Illness prompts Lenten reflection

Complete the Circle
By George Evans
A funny thing happened as I started Lent. I was geared to lose substantial weight and started my diet on Monday before Ash Wednesday. Daily Mass after exercise was on the program. Ash Wednesday and Thursday went fine until about 7:30 p.m. when I was overwhelmed with severe stomach pains and related gastro-intestinal problems. I had never had anything like this before. My wife, Carol, called an ambulance and I finally got to the ER at St. Dominic where I lay in the hallway for a while until a treatment room became available.
An IV was finally started (two paramedics had given up because veins seemed to have disappeared due to severe dehydration), merciful morphine was given and finally I went for a CT scan around midnight and they thought I had diverticulitis. By 3 a.m. I reached a room for the rest of a sleepless night. I saw a wonderful hospitalist the next morning and he wasn’t sure of the diagnoses and wanted to watch things. Toward the end of the day he still wasn’t sure and I was still sick and not sure the Lord wasn’t calling me home. He ordered an abdominal sonogram for Saturday morning. That was the trick.
He immediately diagnosed badly infected gall bladder with sepsis and e-coli in the blood stream. I selected a general surgeon from the three on weekend call. He came and agreed wholeheartedly with the internist and got my attention by scheduling surgery for 7:30 a.m. Sunday. I knew they saw something that needed immediate attention. I felt so bad I was pleased with the urgency. I think prayer and desperately clutching the Lord had gotten me to that point.
The surgery went well except the trip to surgery on Sunday morning at 7:30 almost scared me to death because everything was so dark and utterly quiet. I felt like I was going to the morgue and never was so happy to see a surgical nurse and the bright surgical lights on arrival.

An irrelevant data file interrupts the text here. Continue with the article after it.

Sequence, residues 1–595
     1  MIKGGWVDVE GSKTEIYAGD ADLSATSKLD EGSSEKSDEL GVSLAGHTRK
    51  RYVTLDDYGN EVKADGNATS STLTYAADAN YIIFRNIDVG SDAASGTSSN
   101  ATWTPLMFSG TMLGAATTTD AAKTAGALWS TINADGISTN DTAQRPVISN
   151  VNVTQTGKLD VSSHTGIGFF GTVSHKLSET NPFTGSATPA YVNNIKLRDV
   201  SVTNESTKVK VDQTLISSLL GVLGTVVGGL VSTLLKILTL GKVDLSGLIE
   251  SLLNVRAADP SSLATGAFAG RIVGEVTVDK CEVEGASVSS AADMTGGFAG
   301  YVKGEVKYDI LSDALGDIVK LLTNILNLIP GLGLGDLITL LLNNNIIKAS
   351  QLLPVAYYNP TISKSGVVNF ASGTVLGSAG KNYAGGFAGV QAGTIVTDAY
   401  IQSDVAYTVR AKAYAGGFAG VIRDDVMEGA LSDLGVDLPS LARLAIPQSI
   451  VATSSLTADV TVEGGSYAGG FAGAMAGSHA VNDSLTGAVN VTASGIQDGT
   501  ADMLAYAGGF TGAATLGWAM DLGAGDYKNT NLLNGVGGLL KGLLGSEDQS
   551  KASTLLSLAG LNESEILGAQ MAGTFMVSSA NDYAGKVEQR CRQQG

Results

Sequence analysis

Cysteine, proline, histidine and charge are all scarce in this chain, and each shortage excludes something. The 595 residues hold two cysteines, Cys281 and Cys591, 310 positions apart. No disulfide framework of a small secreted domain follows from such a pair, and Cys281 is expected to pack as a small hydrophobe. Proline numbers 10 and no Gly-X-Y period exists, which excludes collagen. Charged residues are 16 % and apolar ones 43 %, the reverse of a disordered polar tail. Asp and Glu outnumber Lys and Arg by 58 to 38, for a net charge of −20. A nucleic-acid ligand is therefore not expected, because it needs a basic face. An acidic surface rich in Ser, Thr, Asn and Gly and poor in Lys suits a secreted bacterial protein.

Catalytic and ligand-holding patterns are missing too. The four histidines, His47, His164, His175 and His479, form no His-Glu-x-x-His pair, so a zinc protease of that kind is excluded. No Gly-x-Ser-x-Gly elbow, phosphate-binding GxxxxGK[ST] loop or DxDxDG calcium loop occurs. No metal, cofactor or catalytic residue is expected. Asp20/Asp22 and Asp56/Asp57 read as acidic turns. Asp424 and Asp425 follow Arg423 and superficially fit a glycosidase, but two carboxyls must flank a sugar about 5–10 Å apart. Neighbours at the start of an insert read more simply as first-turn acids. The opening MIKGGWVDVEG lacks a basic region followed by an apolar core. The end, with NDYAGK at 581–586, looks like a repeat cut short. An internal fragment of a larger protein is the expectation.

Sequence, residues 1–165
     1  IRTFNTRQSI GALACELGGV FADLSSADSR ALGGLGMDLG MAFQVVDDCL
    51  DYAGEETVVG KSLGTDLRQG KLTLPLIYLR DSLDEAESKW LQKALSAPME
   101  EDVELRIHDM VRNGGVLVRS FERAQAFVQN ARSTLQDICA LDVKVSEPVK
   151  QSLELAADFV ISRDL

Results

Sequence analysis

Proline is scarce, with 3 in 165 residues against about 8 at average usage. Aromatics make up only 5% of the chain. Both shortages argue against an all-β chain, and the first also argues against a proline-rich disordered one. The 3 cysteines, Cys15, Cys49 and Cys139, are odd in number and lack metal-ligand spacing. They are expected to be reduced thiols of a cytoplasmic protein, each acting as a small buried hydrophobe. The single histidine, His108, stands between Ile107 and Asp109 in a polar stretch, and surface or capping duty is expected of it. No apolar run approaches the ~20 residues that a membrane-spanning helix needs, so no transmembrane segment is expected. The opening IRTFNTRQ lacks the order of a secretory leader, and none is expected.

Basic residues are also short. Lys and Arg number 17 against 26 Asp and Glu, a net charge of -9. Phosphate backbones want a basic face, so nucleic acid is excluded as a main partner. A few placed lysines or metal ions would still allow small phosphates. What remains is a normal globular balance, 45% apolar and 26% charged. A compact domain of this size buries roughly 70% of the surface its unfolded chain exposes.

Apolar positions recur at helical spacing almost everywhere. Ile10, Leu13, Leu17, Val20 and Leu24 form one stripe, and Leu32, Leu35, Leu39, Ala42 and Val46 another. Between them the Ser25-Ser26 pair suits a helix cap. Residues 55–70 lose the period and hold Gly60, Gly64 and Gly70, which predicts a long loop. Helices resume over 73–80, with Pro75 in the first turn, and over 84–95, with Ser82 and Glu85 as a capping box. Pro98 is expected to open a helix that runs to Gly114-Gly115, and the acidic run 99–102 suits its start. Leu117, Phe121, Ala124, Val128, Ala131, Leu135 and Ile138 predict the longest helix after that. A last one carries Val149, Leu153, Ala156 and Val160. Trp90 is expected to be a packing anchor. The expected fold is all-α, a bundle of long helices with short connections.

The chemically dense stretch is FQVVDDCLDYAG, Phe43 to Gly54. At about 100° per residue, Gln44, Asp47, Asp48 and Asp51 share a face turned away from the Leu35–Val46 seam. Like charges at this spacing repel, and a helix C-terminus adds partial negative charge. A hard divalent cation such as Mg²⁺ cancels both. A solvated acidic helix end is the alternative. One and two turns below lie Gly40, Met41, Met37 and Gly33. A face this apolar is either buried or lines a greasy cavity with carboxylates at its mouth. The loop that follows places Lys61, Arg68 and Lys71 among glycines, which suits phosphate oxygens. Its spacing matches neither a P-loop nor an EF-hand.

The surgical pain upon awakening was very tolerable (laproscopic) and I thanked God again for medical advances and a great surgeon. I still felt terrible otherwise. Sepsis will knock you for a loop. It took another three days in the hospital before I began to feel like a human again. I had eaten nothing but ice chips and a little juice and liquids for six days. After two days I improved enough to go home after a week of hospitalization.
I have now been home a week. I have thought and prayed a lot. I have thanked God, the doctors, health care folks, Father Dan Gallagher and Father Mike O’Brien and other visitors. Even though I hope I am never that sick again, I can honestly say I have had  a positive experience. To be knocked low and down with time to pray and read good commentaries and God stuff is not all bad. To be utterly dependent on God and others brings the Lenten message home with force and reality. To experience the care and concern of health providers and spouse and children is nothing to belittle and helps frame suffering as God may see it. I have never invited suffering and never will but what I experienced I believe will help me in the future to face it again if come it will.
If you have to get sick, Lent is not a bad time for it to happen. The daily scriptures and the wonderful reflections available help improve the closeness with God which the sickness and pain initiate. I share just one example. The Lazarus story is one of my favorites.  The rich man, dressed in purple, and Lazarus, who had lain at his door with his sores, both died.  Lazarus went to the bosom of Abraham and the rich man was in torment begging for help. But what had the rich man done for his punishment.
He had not been mean to Lazarus. He had not kicked him or abused him. He knew who he was. He had simply ignored him. He had not been generous as the biblical tradition that Abraham had exemplified and taught and as Lent brings home to us every year.
Does not this parable challenge us directly to respond to the enormous need we see locally and world wide. In his commentary on this gospel in “This Day,” John Klassen, OSB, abbot of Saint John’s Abbey in Collegeville, Minnesota reflects:
One of the scourges of globalization is the maldistribution of wealth. In 2014 the relief agency Oxfam reported that just one percent of the world’s population now controls nearly half of the planet’s wealth. The study says this tiny slice of humanity controls $110 trillion, or 65  times the total wealth of the poorest 3.5 billion people. In the U.S., the gap between rich and poor has grown at a faster rate than any other developed country: the top one percent captured 95 percent of post-recession  growth (since 2009), while 90 percent of Americans became poorer.
The numbers are staggering. Abbott Klassen  suggests that sometimes we don’t see the needy people in front of us. Sometimes our mental constructs impair our vision, and we don’t help. Is this not reminiscent of the rich man? Maybe if we all first see the needy person in front of us and start by helping him/her then we begin to address the global situation. Back on my feet and close to God by suffering and prayer, and even having lost a few pounds, I hope to start anew.
(George Evans is a pastoral minister at Jackson St. Richard Parish.)